DUHK Vulnerability Offers a Quick Way to Launch a Crypto Attack

October 30, 2017 @ 10:35 AM
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2 min read

The use of a random number generator with hardcoded keys could launch a crypto attack, exposing private data through intranets, virtual private network (VPNs) and more, according to new security research.

A white paper from researchers at John Hopkins University and the University of Pennsylvania was the first to draw attention to the crypto attack method, which has been dubbed Don’t Use Hardcoded Keys (DUHK). By reverse engineering a set of firmware running on Fortinet devices, the researchers were able to compromise the encryption parameters in less than five minutes.

Exploiting Random Number Generation Algorithms

The vulnerability stems from a problem with the ANSI X9.31 Random Number Generation, an algorithm that can safeguard data in browsing sessions and other online use cases by creating encryption keys.

As Bitsonline explained, a U.S. government security standards body called Federal Information Processing Standards (FIPS) stopped supporting ANSI X9.31 almost two years ago, but it has been in devices from a number of security companies for a long time. The hardcoded seed key, used at device setup or when launching the algorithm, is essentially making such devices susceptible to the crypto attack.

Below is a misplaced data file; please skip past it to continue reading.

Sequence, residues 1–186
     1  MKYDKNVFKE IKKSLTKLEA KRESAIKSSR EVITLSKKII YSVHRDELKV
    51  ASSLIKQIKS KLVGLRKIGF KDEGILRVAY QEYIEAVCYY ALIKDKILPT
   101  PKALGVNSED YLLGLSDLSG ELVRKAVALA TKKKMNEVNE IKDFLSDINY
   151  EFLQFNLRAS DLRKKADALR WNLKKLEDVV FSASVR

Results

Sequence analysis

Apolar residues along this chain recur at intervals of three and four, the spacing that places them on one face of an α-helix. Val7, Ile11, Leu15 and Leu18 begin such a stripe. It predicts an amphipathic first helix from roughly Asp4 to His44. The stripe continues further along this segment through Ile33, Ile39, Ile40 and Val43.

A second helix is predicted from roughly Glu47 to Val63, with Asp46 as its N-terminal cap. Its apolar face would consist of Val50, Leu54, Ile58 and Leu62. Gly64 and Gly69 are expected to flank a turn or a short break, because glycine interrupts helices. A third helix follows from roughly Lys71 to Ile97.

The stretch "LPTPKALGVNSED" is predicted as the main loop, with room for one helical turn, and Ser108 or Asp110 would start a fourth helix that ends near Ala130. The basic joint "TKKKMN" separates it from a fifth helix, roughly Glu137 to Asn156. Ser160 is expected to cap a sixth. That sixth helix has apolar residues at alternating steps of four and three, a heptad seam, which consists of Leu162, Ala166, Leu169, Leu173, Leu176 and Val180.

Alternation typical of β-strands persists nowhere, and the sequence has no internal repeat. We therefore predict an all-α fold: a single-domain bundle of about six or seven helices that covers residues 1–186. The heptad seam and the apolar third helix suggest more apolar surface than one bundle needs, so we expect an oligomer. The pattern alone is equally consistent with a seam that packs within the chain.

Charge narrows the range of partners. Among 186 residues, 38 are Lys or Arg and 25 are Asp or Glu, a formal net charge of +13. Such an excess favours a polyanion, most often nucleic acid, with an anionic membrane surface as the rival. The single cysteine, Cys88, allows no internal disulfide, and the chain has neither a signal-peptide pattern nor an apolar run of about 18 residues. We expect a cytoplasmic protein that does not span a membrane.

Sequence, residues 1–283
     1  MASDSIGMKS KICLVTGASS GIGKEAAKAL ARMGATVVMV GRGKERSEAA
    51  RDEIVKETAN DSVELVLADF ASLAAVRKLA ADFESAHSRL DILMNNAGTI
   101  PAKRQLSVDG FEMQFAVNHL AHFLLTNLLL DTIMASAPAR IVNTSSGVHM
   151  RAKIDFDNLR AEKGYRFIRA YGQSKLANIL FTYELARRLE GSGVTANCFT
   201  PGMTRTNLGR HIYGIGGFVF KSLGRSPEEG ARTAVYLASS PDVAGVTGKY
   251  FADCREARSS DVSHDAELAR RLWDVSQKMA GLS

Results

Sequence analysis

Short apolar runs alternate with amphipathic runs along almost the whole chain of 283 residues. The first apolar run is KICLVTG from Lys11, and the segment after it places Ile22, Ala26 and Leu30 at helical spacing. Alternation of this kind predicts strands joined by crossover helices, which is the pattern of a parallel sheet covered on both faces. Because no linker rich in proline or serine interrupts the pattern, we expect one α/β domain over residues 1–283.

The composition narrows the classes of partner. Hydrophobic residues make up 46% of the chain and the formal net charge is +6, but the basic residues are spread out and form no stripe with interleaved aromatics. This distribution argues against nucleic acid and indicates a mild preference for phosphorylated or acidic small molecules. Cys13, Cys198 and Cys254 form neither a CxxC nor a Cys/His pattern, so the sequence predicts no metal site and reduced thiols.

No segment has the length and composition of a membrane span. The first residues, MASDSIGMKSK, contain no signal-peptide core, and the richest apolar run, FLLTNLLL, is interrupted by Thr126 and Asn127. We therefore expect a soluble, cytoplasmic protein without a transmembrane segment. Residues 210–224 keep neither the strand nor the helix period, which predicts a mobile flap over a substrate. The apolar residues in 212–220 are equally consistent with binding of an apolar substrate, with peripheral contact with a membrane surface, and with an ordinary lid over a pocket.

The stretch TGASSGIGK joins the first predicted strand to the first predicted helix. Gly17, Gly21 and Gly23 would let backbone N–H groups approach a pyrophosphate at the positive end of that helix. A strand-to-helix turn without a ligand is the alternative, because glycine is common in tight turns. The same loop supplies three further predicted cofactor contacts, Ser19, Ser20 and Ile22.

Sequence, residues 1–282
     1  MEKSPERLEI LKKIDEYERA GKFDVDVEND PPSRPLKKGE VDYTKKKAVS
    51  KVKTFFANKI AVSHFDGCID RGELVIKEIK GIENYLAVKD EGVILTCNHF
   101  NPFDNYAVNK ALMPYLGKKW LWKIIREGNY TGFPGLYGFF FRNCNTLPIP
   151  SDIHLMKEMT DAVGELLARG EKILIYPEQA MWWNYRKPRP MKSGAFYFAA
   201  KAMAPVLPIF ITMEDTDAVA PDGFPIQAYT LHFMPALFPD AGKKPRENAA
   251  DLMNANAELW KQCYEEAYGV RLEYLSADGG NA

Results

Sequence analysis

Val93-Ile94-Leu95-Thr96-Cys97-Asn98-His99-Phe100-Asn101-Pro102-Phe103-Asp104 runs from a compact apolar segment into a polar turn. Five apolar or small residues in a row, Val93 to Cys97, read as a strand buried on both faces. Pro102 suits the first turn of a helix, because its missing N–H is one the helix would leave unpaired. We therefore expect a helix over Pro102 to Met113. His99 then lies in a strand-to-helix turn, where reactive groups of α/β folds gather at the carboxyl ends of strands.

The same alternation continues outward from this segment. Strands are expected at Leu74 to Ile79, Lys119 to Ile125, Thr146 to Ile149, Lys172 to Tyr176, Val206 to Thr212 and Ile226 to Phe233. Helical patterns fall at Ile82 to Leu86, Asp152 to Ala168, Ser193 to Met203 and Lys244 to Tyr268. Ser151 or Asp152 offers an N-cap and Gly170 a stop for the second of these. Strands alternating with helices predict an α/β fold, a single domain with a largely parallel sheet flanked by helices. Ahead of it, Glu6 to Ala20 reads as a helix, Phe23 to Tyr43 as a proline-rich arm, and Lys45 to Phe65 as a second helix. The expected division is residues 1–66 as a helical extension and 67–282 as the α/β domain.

If cybercriminals were to make use of DUHK, their victims would most likely remain in the dark since the crypto attack is passive in nature, Bleeping Computer warned.

This attack could affect more than 23,000 FortiGate 4x devices using older versions of FortiOS, the white paper said. In addition to Fortinet devices, it also affects products from Cisco, Neopost and more than a dozen others. The easiest way to know if your organization is safe is to determine whether your firewall or VPN achieved FIPS certification after January 2016.

Is ANSI X9.31 a Sitting DUHK?

Not everyone sees DUHK as a major threat. As Threatpost pointed out, potential problems with ANSI X9.31 have been known among security experts for close to 20 years. Using it to launch a crypto attack would also require a number of other mistakes to have been made in deploying a security appliance.

This is less about putting organizations on guard against a likely threat and more of a critique about how standards bodies such as FIPS run their certification processes — and how well those processes are keeping up to date with the constant rate of change in information technology.

Shane Schick
Writer & Editor
Shane Schick is a contributor for SecurityIntelligence.